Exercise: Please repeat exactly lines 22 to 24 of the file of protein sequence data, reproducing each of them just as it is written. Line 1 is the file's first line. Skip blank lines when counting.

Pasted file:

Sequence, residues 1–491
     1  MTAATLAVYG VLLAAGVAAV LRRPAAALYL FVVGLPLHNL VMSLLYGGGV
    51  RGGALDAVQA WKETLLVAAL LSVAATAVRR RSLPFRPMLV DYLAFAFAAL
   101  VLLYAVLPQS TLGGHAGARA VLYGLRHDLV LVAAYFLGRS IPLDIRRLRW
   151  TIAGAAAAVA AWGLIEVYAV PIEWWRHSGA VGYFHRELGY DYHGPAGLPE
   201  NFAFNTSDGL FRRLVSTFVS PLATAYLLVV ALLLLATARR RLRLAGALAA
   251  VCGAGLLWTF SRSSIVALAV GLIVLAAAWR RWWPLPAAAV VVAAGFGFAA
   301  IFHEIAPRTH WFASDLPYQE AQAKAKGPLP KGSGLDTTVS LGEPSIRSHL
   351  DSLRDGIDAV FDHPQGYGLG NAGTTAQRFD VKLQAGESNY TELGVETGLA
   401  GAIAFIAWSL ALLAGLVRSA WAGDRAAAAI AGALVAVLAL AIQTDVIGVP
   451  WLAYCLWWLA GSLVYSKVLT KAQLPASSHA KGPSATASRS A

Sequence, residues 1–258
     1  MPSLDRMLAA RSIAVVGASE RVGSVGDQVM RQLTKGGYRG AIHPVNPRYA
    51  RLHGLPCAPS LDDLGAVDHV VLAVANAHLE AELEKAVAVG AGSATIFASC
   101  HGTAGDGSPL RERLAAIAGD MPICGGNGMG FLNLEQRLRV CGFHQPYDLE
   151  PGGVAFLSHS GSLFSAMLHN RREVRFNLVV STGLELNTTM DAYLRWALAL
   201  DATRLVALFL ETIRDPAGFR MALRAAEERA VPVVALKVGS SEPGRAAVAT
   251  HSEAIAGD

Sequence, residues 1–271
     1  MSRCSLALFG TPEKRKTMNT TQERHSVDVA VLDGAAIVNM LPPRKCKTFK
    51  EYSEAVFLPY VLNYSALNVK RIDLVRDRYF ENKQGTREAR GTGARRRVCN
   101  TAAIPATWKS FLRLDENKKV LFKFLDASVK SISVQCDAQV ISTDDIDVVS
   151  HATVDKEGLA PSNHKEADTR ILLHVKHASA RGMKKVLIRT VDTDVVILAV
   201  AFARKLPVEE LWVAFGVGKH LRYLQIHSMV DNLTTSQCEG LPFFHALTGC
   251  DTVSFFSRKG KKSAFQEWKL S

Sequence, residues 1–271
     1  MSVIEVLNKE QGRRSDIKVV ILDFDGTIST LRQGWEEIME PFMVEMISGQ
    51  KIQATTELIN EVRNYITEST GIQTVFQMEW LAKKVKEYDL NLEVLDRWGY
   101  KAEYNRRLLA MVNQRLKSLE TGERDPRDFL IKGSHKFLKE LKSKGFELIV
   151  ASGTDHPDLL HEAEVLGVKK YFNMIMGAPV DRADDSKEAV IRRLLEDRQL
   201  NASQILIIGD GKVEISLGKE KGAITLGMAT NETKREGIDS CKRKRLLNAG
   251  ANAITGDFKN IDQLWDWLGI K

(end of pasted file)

   101  TAAIPATWKS FLRLDENKKV LFKFLDASVK SISVQCDAQV ISTDDIDVVS
   151  HATVDKEGLA PSNHKEADTR ILLHVKHASA RGMKKVLIRT VDTDVVILAV
   201  AFARKLPVEE LWVAFGVGKH LRYLQIHSMV DNLTTSQCEG LPFFHALTGC